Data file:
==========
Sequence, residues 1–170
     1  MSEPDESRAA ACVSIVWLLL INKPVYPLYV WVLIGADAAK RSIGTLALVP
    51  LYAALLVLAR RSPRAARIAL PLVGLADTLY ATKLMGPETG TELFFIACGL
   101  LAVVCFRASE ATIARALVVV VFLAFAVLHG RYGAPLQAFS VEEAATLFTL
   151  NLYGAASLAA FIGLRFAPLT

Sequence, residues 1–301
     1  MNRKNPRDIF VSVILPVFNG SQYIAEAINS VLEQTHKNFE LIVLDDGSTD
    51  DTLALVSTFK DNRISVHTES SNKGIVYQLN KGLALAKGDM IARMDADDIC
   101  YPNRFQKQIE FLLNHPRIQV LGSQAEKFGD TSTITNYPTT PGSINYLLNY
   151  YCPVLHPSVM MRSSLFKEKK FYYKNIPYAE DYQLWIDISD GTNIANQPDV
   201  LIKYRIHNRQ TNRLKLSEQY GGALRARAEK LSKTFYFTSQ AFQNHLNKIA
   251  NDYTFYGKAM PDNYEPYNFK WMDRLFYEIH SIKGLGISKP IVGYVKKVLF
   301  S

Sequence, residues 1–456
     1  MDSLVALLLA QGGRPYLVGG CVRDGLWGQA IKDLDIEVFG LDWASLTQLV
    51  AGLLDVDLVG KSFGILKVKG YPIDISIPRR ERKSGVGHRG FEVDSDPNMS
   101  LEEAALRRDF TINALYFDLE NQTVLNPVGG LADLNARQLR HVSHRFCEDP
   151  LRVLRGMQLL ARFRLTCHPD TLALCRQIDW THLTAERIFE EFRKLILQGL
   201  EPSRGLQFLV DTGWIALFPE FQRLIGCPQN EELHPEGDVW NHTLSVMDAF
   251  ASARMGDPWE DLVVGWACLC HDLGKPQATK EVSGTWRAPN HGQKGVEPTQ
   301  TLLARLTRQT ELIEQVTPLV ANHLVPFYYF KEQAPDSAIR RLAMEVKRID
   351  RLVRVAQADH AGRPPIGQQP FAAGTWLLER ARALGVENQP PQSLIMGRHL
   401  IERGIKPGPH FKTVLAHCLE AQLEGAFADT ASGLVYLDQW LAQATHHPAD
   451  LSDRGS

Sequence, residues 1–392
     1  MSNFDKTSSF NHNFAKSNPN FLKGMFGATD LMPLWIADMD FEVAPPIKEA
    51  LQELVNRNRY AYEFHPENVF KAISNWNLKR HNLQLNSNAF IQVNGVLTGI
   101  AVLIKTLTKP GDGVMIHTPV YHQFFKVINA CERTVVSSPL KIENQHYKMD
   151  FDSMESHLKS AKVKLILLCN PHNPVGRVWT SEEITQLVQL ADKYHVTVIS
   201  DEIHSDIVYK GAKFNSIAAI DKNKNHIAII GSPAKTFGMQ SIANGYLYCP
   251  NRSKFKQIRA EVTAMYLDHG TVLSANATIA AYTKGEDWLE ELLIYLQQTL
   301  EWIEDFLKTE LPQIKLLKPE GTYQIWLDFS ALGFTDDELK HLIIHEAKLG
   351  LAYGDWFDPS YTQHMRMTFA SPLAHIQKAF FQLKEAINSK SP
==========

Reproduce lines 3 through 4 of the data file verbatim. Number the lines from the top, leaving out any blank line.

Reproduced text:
    51  LYAALLVLAR RSPRAARIAL PLVGLADTLY ATKLMGPETG TELFFIACGL
   101  LAVVCFRASE ATIARALVVV VFLAFAVLHG RYGAPLQAFS VEEAATLFTL